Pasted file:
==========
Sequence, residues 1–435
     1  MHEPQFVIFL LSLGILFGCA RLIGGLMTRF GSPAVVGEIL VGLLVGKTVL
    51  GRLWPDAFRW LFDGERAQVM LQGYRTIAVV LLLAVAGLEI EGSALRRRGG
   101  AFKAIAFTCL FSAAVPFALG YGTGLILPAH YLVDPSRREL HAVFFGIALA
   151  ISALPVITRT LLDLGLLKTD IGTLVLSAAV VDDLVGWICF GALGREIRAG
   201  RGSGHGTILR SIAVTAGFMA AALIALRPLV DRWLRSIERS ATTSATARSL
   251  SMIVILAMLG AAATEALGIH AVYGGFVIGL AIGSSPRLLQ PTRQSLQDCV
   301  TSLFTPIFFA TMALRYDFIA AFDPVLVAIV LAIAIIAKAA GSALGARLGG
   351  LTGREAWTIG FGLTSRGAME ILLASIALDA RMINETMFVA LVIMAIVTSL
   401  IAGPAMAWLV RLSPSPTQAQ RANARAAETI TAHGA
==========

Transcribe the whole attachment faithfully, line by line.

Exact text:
Sequence, residues 1–435
     1  MHEPQFVIFL LSLGILFGCA RLIGGLMTRF GSPAVVGEIL VGLLVGKTVL
    51  GRLWPDAFRW LFDGERAQVM LQGYRTIAVV LLLAVAGLEI EGSALRRRGG
   101  AFKAIAFTCL FSAAVPFALG YGTGLILPAH YLVDPSRREL HAVFFGIALA
   151  ISALPVITRT LLDLGLLKTD IGTLVLSAAV VDDLVGWICF GALGREIRAG
   201  RGSGHGTILR SIAVTAGFMA AALIALRPLV DRWLRSIERS ATTSATARSL
   251  SMIVILAMLG AAATEALGIH AVYGGFVIGL AIGSSPRLLQ PTRQSLQDCV
   301  TSLFTPIFFA TMALRYDFIA AFDPVLVAIV LAIAIIAKAA GSALGARLGG
   351  LTGREAWTIG FGLTSRGAME ILLASIALDA RMINETMFVA LVIMAIVTSL
   401  IAGPAMAWLV RLSPSPTQAQ RANARAAETI TAHGA